Kasumigaura Air Field


Kasumigaura Hikōjō
Kasumigaura Air Field Aerial Photograph.jpg
Airport typeMilitary
Operator Japan Ground Self-Defense Force
LocationKasumigaura, Japan
Elevation AMSL85 ft / 26 m
Coordinates36°02′05″N 140°11′34″E / 36.03472°N 140.19278°E / 36.03472; 140.19278Coordinates: 36°02′05″N 140°11′34″E / 36.03472°N 140.19278°E / 36.03472; 140.19278
RJAK is located in Japan
Location in Japan
Direction Length Surface
m ft
06/24 550 1,804 Sod and roll
Source: Japanese AIP at AIS Japan[1]

Kasumigaura Air Field (霞ヶ浦飛行場, Kasumigaura Hikōjō, ICAO: RJAK) is a military aerodrome of the Japan Ground Self-Defense Force Camp Kasumigaura (霞ヶ浦駐屯地, Kasumigaura Chūtonchi), 2.7 NM (5.0 km; 3.1 mi) south[1] of Tsuchiura in Ibaraki Prefecture, Japan.


The base was established in 1921 as the Imperial Japanese Navy Aeronautical Technology and Training Center (海軍航空技術講習所).[2] After the First World War Japan, which had fought with the allies, received the German airship hangar from Jüterbog airbase as part of its war reparations, and the hangar was installed at Kasumigaura air base. On 19 August 1929, the airship LZ 127 Graf Zeppelin stopped at Kasumigaura for several days while on its round-the-world trip.[3] The Zeppelin visit made Tsuchiura famous throughout Japan for its potato-based curry.[4]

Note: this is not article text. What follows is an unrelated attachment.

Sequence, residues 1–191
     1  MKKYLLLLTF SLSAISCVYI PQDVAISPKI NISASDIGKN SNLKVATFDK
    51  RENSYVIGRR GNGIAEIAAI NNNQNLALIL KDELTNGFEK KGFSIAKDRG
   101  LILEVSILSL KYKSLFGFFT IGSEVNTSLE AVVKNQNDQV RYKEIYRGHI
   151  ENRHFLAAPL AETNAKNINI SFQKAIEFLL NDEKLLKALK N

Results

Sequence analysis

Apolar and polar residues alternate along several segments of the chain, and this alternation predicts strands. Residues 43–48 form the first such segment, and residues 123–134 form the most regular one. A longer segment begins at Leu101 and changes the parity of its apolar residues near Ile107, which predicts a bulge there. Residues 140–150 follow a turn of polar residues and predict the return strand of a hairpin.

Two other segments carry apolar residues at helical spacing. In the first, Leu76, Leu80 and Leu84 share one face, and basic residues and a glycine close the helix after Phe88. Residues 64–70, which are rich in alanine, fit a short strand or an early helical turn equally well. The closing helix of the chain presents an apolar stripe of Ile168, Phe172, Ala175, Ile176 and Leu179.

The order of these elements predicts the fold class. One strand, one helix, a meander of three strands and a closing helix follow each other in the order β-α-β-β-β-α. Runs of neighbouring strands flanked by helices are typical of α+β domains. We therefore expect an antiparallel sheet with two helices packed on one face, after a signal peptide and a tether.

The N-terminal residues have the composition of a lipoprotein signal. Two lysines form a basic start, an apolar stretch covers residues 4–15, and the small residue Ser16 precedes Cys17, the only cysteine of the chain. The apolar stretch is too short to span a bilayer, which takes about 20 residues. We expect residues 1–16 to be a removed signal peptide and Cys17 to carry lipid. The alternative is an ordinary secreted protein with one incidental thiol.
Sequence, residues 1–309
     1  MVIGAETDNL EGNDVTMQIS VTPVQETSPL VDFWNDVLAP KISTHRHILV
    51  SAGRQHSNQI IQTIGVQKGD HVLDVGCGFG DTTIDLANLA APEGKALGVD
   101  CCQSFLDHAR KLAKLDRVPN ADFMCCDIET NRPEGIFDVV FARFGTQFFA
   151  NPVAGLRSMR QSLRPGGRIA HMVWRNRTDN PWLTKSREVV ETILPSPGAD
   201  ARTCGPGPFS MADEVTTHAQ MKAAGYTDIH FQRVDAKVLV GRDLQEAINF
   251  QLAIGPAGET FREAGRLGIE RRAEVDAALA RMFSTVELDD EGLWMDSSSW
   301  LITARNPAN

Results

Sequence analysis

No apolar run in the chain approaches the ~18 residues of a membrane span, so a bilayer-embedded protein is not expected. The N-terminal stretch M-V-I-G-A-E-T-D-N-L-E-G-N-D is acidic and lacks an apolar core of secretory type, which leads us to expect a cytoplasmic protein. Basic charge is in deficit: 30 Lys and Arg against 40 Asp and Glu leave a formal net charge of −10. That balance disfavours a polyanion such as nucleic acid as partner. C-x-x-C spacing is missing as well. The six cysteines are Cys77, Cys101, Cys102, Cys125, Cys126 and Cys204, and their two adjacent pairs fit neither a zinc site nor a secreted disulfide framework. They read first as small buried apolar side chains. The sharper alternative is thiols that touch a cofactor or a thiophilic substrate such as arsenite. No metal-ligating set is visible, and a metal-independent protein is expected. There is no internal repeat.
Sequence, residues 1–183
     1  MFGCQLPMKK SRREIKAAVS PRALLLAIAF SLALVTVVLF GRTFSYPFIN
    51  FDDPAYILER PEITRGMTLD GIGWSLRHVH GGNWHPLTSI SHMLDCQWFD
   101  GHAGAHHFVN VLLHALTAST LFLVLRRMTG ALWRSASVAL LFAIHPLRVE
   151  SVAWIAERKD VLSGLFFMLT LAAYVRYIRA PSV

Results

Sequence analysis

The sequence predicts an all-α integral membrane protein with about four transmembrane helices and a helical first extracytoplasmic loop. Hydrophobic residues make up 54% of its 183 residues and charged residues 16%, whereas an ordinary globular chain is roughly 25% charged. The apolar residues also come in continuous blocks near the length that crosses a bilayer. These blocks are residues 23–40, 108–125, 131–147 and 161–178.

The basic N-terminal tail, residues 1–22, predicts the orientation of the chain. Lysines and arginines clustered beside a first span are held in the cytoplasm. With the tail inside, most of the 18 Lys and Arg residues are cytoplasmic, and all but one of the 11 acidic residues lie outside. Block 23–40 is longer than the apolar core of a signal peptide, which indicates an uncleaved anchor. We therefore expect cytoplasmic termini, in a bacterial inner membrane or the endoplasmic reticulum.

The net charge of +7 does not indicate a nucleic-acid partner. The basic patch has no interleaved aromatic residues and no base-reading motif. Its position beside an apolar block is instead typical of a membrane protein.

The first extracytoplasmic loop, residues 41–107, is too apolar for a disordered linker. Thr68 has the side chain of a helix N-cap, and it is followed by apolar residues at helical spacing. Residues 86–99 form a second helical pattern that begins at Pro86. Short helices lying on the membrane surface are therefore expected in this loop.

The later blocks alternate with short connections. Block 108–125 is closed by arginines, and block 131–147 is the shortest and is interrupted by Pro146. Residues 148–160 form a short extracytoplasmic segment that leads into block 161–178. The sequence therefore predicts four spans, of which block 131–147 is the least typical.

LZ 127 Graf Zeppelin arriving in Kasumi-ga-Ura
LZ 127 Graf Zeppelin arriving in Kasumi-ga-Ura

The IJN ordered an Astra-Torres airship from France in 1922 and stationed it at Kasumigaura from 1923, alongside a Japanese-built Vickers SS-3; both of these airships left service around 1924. Kasumigaura later hosted three Fujikura airships and one Nobile airship between 1927 and 1932, at which point the Navy ceased airship operations and dismantled its fleet.[5]

The U.S. military took over the base in 1945 and handed it over to the Japanese defense ministry in 1953. Since then it has been used as a supply depot and as a training base for helicopter pilots and mechanics, with approximately 2,000 personnel stationed on base.[2]


  1. ^ a b AIS Japan Archived 2016-05-17 at the Portuguese Web Archive
  2. ^ a b "駐屯地の沿革". Japan Ground Self-Defense Force. Retrieved 8 September 2015.
  3. ^ Bélafi, Michael: Der Zeppelin Motorbuch Verlag Stuttgart 2012 pp.198-199
  4. ^ Hongo, Jun (14 November 2013). "Tsuchiura city curries favor with visitors at its annual gourmet festival". The Japan Times. Retrieved 8 September 2015.
  5. ^ Starkings, Peter. "Japanese Military Airships 1910-1945". Retrieved 8 September 2015.